Why is LVP so darn durable?

When shopping for flooring, it’s super important to understand how you use your floors and how long you’d like them to last. There are many options for the flooring shopper:

LVP has quickly become one of the most popular choices due to its combination of durability and affordability. It also comes with some beautiful visuals that make it appealing to most every HGTV watcher.

Understanding what makes LVP so durable and the differences even within the LVP family, will help you make the best decision of what flooring will fit your project and last the longest.

Here’s a look at what makes LVP so darn durable.

LVP comes in long planks that are made in 4 layers.


The top layer is typically referred to as the “wear layer” and it protects your floor from wear and tear like scratches. The wear layer is typically measured by something called “mil”. They typically come in 6mil (cheap), 12 mil(nice), and 20mil (really nice). When shopping for floors, this is perhaps the most important number to understand. The thicker the wear layer, the longer the floors will last. The wear layer is composed of 2 elements: the finish layer, a coating of urethane, ceramic bead or aluminum oxide, and the wear layer, a clear sheet made from virgin or recycled PVC as shown in the picture above.


The second layer is the vinyl print layer. Under the ceramic bead coating is a piece of vinyl on which the design is printed. This is what allows the floors to come in so many beautiful colors and styles. The wear layer is designed to protect the print layer. So, if the wear layer is literally worn away due to foot traffic, the print layer becomes compromised and will show signs of fading and scratching.


The third layer is referred to as the“core”. The most common core is called SPC (Stone Polymer Composite) and is made of crushed limestone and polyvinyl chloride resin. It is 100% waterproof due to its stone-based composition. The ratio of polyvinyl to limestone greatly affects the performance of the flooring. Limestone is much less expensive than the polyvinyl, so when you see a cheaper floor, it’s cheaper because the manufacturer used more limestone, making the flooring brittle and less durable.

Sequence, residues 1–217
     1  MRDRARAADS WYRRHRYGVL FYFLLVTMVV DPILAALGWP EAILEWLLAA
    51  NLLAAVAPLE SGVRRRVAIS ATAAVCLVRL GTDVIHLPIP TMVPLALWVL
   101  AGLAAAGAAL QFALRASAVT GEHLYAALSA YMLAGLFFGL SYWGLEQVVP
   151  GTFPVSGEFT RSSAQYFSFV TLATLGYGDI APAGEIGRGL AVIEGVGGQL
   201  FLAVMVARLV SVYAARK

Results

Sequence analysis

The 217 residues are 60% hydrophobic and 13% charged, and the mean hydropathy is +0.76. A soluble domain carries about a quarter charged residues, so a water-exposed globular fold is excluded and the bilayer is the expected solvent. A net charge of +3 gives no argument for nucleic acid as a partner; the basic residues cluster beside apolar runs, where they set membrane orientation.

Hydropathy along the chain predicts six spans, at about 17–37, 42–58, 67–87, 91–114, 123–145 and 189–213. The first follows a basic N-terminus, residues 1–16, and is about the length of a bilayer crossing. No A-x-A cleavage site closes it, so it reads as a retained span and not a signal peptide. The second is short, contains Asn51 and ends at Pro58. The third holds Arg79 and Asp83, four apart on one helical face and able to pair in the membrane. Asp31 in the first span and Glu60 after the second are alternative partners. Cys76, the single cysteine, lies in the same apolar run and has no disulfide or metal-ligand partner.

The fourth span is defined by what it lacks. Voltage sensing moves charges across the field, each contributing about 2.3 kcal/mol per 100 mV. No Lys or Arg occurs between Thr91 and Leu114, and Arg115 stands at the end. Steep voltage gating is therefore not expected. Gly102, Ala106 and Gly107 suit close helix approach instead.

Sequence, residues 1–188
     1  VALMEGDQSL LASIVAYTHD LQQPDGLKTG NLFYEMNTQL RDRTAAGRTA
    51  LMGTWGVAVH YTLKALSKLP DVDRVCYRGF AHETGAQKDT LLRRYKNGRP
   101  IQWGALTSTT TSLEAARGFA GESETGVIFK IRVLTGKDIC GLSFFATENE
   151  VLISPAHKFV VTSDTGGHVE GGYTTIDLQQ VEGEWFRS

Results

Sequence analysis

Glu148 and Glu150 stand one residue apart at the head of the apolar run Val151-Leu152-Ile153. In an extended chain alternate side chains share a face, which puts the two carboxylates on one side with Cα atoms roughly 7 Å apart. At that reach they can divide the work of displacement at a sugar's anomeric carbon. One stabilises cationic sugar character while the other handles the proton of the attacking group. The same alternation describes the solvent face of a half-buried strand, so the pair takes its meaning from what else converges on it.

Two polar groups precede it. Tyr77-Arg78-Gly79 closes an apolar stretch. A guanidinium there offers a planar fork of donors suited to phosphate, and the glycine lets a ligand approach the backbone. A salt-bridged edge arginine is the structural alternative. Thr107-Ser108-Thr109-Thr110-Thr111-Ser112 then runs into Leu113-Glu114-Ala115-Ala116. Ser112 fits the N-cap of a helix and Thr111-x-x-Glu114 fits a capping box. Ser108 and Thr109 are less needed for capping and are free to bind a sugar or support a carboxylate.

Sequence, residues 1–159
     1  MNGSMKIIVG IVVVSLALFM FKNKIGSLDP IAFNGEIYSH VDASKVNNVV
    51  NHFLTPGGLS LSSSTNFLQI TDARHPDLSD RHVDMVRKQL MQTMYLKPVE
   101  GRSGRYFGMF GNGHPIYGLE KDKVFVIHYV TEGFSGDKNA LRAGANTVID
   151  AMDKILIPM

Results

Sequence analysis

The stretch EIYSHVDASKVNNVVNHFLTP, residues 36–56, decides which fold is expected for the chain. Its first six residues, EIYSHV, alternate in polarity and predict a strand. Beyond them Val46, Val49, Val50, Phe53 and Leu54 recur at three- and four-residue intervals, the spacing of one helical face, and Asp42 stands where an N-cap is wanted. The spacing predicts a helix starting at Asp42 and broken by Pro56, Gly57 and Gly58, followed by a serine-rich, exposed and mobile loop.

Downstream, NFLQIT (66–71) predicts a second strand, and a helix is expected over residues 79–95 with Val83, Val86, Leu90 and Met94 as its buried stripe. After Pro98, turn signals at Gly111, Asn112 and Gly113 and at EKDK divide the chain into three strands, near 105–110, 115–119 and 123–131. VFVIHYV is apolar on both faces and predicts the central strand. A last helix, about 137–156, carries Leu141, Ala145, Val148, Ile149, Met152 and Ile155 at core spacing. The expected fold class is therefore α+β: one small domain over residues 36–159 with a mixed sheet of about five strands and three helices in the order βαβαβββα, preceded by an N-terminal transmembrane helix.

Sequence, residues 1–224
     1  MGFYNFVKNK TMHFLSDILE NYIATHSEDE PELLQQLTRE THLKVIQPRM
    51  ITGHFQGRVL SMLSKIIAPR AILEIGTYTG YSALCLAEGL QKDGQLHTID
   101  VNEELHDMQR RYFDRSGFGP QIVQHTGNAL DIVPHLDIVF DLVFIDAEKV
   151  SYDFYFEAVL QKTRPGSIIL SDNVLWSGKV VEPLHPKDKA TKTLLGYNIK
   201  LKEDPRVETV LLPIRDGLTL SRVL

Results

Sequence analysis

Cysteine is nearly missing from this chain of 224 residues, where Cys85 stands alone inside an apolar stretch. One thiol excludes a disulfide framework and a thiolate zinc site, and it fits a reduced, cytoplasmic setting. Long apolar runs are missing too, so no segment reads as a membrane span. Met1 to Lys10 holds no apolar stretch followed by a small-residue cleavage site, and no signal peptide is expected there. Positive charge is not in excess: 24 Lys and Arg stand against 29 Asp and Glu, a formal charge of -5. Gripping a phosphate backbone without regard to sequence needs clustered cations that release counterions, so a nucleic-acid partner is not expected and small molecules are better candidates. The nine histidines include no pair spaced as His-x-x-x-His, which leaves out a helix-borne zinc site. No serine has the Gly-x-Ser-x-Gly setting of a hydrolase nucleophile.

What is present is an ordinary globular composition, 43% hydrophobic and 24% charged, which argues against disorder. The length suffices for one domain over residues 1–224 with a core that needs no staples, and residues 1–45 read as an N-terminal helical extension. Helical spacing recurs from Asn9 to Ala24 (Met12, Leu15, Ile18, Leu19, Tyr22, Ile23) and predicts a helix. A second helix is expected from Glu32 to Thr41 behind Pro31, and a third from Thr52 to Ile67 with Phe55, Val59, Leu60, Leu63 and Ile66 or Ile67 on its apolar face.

The bottom layer is a pad for sound absorption and cushioning. This pad is usually around 1mm to 1.5mm in thickness and helps with the floors overall performance and comfortability. When the pad is attached, a separate moisture barrier is not necessary.

Each layer is designed specifically to hold up to wear and tear of everyday life. The stone core gives it its strong foundation, the backing gives it support and cushioning, and the wear layer protects it from UV rays, heavy furniture, pets, and clumsy adults. Overall, compared to other flooring options, you’ll find LVP as a great balance between form, function and affordability.

There’s a lot to learn when comparing flooring options. We would love to chat with you about flooring. Message us today to get the conversation started.

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Our mission is to create carefully curated flooring products that offer stunning visuals for all types of spaces.  We hope to bring joy and inspiration to homeowners, designers, and builders who value the beauty and aesthetic new floors can bring to a home.

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